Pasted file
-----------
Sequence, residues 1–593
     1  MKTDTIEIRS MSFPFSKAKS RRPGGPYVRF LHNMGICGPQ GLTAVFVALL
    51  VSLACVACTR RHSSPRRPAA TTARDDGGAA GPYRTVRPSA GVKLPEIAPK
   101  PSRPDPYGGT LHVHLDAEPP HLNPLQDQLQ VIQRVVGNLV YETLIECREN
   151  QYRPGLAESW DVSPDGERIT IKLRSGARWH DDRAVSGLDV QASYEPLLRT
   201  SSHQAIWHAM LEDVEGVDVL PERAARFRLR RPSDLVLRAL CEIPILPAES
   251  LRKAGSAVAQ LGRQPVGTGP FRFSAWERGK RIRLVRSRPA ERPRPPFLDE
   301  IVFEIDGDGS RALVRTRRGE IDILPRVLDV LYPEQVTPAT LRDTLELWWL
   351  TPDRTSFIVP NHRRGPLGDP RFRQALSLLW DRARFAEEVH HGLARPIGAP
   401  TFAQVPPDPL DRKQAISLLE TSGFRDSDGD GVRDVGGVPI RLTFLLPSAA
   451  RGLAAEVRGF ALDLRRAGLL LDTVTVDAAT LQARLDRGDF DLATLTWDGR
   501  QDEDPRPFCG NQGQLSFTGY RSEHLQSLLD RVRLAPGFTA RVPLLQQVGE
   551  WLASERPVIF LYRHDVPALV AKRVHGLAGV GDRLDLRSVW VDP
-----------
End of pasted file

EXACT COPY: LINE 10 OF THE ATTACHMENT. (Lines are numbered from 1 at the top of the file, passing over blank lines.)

   401  TFAQVPPDPL DRKQAISLLE TSGFRDSDGD GVRDVGGVPI RLTFLLPSAA